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How HubSpot Builds its Engineering Culture (While Maintaining Speed)

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HubSpot SVP of Engineering Eric Richard's talk at Talking Tech, an engineering event in Dublin and Cambridge.

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How HubSpot Builds its Engineering Culture (While Maintaining Speed)

  1. 1. TALKING TECH Building Engineering Culture (While Maintaining Speed) Eric Richard, VP of Engineering
  2. 2. AGENDA 1. Introduction 2. How Do We Work (Patterns and Anti-Patterns) 3. Pros and Cons 4. Case Studies 5. Q&A
  3. 3. Introduction
  4. 4. Inspirations
  5. 5. Inspirations https://labs.spotify.com/2014/03/27/spotify-engineering-culture-part-1/
  6. 6. Inspirations
  7. 7. Hi. I’m Eric.
  8. 8. About ● Inbound marketing, sales, and CRM growth stack ● Helping small and medium sized businesses (10 - 2000 employees) grow ● Founded in 2006. Over 35,000 customers in more than 90 countries ● Cambridge, MA, Dublin, Ireland (EMEA HQ); Singapore; Sydney, Australia; Tokyo, Japan; Berlin, Germany and Portsmouth, NH. ● Publicly listed (NYSE:HUBS)
  9. 9. About
  10. 10. About the HubSpot Product Team
  11. 11. How do we work?
  12. 12. Our Beliefs http://www.culturecode.com/
  13. 13. We believe ● If you give a team a compelling mission, ● the autonomy to attack the mission the best way they see fit, ● and the support to accomplish this… ● Magic happens
  14. 14. Core Engineering Philosophies 1. Learning Quickly 2. Ownership Builds Better Products 3. Invest in the Platform
  15. 15. Learning Quickly
  16. 16. How do you enable rapid learning? ● UX Research Team able to vet ideas quickly with real customers ● Minimize the distance from keyboard to production ● Ability to deploy to targeted sets of customers
  17. 17. Technology Implications ● Extremely efficient build and deploy tools ○ We have > 5000 production deploys / week. ● The architecture has to align with teams. ○ We have > 4,000 separately deployable units ○ These components are `apis/web services`, `kafka workers`, `scheduled batch jobs` and some `on_demand` processes that we use to do migrations and other manual work. ● Hovering on the master branch
  18. 18. Technology Anti-Patterns ● Large, long lived branches that have a big distance from the trunk ○ Avoiding “the big merge” ● Monolithic code base shared across multiple teams
  19. 19. Ownership Builds Better Products
  20. 20. Organizational Implications ● The team is the center of the universe ● Teams are kept small (~5 people) to avoid communication scaling ● Teams are cross disciplinary (product, design, dev) ● Teams own their entire stack
  21. 21. HubSpot’s Trinity ● Product Manager ○ DRI for figuring out which mountains to climb ● Tech Lead ○ DRI for figuring out how to climb the mountain ● Product Designer ○ DRI for the user experience ● Co-equal partners in running the team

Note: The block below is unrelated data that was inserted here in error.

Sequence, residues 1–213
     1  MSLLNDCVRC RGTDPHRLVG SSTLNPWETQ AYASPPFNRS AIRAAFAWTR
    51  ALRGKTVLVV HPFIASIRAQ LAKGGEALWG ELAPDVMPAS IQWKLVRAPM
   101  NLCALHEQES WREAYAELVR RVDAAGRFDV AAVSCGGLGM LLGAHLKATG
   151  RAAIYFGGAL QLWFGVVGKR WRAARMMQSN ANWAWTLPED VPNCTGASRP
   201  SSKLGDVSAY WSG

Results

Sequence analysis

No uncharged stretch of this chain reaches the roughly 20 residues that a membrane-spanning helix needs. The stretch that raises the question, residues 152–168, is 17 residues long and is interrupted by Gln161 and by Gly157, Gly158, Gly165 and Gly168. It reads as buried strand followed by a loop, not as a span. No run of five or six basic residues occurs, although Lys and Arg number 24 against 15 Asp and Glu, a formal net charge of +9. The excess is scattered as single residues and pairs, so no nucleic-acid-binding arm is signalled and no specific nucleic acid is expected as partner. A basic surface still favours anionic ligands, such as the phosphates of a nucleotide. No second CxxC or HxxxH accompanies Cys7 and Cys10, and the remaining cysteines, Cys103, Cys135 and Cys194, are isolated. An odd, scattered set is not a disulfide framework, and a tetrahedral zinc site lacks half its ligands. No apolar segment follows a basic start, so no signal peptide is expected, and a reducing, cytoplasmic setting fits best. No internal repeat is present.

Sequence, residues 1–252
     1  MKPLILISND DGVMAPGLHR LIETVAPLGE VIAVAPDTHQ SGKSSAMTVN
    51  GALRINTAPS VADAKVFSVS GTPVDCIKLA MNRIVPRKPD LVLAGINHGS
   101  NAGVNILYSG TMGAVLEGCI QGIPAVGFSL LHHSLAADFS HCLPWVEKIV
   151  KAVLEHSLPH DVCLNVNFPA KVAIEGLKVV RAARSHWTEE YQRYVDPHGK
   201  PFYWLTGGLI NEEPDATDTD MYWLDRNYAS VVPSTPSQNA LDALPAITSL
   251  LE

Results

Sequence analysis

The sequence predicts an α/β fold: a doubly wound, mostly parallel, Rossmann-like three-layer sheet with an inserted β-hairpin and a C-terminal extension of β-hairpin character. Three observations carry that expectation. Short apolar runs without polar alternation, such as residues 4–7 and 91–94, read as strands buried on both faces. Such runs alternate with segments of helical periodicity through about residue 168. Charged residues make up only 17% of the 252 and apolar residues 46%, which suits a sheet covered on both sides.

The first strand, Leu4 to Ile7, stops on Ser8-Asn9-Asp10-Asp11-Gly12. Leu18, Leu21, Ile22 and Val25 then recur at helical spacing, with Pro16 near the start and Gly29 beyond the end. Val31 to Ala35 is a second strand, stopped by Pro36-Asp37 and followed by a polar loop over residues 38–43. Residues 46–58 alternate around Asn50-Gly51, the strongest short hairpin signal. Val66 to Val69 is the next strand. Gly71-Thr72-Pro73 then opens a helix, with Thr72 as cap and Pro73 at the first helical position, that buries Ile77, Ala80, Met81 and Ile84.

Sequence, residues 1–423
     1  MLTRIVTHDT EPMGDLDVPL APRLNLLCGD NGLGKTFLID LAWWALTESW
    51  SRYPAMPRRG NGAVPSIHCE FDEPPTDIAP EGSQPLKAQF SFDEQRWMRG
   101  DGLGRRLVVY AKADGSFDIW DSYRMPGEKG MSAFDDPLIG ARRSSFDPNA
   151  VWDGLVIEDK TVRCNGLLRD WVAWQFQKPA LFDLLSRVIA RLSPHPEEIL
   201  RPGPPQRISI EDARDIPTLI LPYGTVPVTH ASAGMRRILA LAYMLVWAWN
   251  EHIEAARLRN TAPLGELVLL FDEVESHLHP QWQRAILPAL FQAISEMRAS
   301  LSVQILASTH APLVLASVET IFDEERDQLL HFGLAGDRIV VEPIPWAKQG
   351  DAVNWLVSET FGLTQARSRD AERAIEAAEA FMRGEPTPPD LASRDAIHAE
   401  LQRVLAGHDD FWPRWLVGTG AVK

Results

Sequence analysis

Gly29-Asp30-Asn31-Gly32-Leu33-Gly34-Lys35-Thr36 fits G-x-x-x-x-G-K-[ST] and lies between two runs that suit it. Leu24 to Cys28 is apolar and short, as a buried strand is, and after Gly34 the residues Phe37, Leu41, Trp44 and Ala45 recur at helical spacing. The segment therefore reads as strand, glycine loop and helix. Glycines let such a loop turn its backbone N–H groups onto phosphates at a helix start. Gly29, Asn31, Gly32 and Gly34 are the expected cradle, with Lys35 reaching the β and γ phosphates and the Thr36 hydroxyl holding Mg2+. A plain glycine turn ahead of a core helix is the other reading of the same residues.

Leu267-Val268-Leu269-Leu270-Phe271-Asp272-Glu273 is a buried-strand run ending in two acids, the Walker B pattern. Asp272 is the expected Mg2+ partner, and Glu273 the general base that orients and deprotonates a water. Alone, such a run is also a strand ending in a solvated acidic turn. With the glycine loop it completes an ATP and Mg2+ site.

22. 22. Organizational Anti-Patterns ● Teams that are too large muddle ownership and create friction ● No separate QA, IT, or DevOps teams that you throw the build over the wall to or that have pager duty ● No “sustaining engineering” maintenance teams that own the code
  23. 23. Technology Implications ● You need to provide a ton of infrastructure to allow teams to focus on solving the business problems and not get mired in the weeds
  24. 24. Process Implications ● There are no overarching processes (Scrum, Kanban, etc.) for teams to use. ○ Our goal is to provide high level direction, guardrails, and the coaching to achieve their goals. ○ Teams decide what processes work best for them.
  25. 25. Process Anti-Patterns “Good process serves you so you can serve customers. But if you’re not watchful, the process can become the thing. This can happen very easily in large organizations. The process becomes the proxy for the result you want. You stop looking at outcomes and just make sure you’re doing the process right.” http://www.geekwire.com/2017/full-text-annual-letter-amazon-ceo-jeff-bezos-explains-avoid-becoming- day-2-company/
  26. 26. Invest in Platform
  27. 27. Platform Infrastructure ● About 20% of our engineers are in our Platform Infrastructure team ● Their customer is the rest of our developers ● They own: ○ Build and Deploy Tools ○ Core Java Libraries ○ UI Component Library ○ All tooling to manage AWS, HBase, MySQL, Kafka, ElasticSearch, etc. ● This is not seen as a cost center of “operations” folks. ○ This is seen as a core differentiator to make our developers more successful
  28. 28. Platform Infrastructure ● This only makes sense at scale ○ You have to be able to get leverage from the infrastructure teams to make this work
  29. 29. Pros and Cons
  30. 30. Where This Works Well ● Incredible velocity on teams ○ Able to make huge progress on major feature areas. ○ Every developer can push real code into production on their 1st day.
  31. 31. Where This Works Well ● Tremendous ownership of the product ○ Freedom to experiment with new technologies to meet business needs. ○ Huge cultural impact: people feel like they are doing meaningful work.
  32. 32. Where This Works Well ● Very strong DevOps model that aligns ownership and accountability
  33. 33. Where This is Hard ● Cross cutting initiatives are more difficult ○ The structure was designed to limit cross team communication challenges. ○ Cross-cutting initiatives need to be broken down into a large number of team-level changes.
  34. 34. Where This is Hard ● Providing technical and design consistency across the product ○ Yields “eventual consistency” model for technology. ○ Rely on product design team to ensure design consistency.
  35. 35. Examples of Platform Thinking
  36. 36. https://canvas.hubspot.com/
  37. 37. Thank you!

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